So, where do you start? Large scale projects, controlling or diverting rivers, are very long term and expensive propositions. Not to mention the ecological impact of such projects.

Relocating people could be a possibility if with it we create a living environment where they can continue with their bread-winning activities...

There lies the crux of what we are pursuing. Dwellings, villages, communities, services, etc...

It is never simple, is it?
Nando Cruz
Sustainable low-cost dwellings

Hi, is that Fernando? Are you Portuguese or Spanish speaking?

What I mean about controlling the rivers, is irrigation channels both small and large, because the more you take water from the river to irrigate the smaller the river becomes. :)

Irrigation channels pay for themselves because then less ground is soaked for less time... even simple earth ditches dug out and used to direct the flood water flows to bypass the villages.

As you say, living on the fertile flood plains of rivers causes a conflict between safety and livelihood, but if the villages are built above the flood plain, either on higher ground or on raised-earth "island platforms". Then when the seasonal floods come the people can stay safe and dry.

Then when the floods come village people will have a safe and dry haven from which to fish in small boats. :)

Personally, I am not in favour of large scale projects because most of the money is usually consumed by the organisation maintaining itself.

As for "disturbing the ecological balance": so long as there is an ever-expanding human population (without limits or controls), then humans will always upset the ecological balance.
Frank John Snelling
Sustainable low-cost dwellings

We are not, in Mozambique, looking at flood plains only. The country is large and many areas are not affected by floods.

We have a very long coastline where there are basically no floods. We have large mountain ranges with no flooding.

The issue of flooding and river containment is a complex one. I accept that people will always affect the ecological balance, but it behooves us to avoid it as much as possible.

And then we have the "floods every few years" syndrome. By the time the next flood comes people have already "forgotten," because the pressures of subsistence living have exceeded the capacity to remember. So is humanity.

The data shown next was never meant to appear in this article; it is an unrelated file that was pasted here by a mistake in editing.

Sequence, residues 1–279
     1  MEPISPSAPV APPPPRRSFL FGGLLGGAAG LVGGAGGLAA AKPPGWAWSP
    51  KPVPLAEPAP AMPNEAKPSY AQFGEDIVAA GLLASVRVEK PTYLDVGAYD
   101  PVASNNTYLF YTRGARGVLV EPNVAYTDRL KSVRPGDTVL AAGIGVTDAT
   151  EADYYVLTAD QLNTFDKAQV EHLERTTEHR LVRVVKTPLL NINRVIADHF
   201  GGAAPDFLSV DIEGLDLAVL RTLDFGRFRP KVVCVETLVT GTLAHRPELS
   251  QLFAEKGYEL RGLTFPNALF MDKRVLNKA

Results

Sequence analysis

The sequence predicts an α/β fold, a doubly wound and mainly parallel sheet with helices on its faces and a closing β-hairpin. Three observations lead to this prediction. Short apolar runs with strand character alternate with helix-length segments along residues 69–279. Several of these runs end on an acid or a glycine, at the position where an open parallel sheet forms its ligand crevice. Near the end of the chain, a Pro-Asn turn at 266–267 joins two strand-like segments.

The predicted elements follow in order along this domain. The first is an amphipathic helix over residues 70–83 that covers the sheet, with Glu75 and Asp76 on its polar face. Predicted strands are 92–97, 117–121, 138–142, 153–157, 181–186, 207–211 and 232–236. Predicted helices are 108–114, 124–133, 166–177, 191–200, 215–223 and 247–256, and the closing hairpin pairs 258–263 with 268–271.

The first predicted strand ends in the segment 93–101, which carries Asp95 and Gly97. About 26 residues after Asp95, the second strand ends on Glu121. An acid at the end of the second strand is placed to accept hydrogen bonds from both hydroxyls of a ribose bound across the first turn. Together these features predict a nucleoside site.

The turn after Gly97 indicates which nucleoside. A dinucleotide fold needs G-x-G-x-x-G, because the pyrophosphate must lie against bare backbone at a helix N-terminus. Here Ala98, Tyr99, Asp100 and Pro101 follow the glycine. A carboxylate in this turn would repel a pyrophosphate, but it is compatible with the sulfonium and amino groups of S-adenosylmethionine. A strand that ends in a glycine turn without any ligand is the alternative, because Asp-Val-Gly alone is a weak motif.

p.s. It is Fernando, Portuguese. :-)
Nando Cruz
Sustainable low-cost dwellings

Thank you. :) Do you live and work in Mozambique? Some years ago (when an engineer in the British Merchant Navy), the deep-sea ship I was on visited Lourenco Marques (I know it has a new name now). :)))

Do you have any contacts in Brazil? I have an interesting Portugese-speaking friend in Florianopolis. :)

Have you tried using "Google Earth"? This is a wonderful satellite-based web site which allows you to wander around the world and look at terrain and landscapes from many altitudes. :)

I can understand the conflict between subsistence living and upgrading the local environment. The only thing I can say is that the original Peruvian Inca cultural system of 'local labour works' instead of monetary taxes is worth looking into. The principle was that people living local to a road, or a bridge, etc; paid their state taxes by maintaining the roads, etc. This principle could be applied to creating and maintaining river water channels.
Frank John Snelling
Sustainable low-cost dwellings

I work with some associates in Maputo, the old LM, where I lived and worked for many years. And I have good friends there. But no longer in Brazil.

Speaking of "labor as taxes," it is a very interesting concept. I will look into it. In fact there have been some efforts in this area of irrigation but htese suffered some setbacks.

However they are worth revisiting.

The same applies to the construction of low-cost homes. Have the people contribute with labor, see Alexander and the Mexicali project.

I will look at Google earth. Thanks for the tip.
Nando Cruz
Sustainable low-cost dwellings
earth google is quite a program....
you can reach me at aidos.nando on gmail.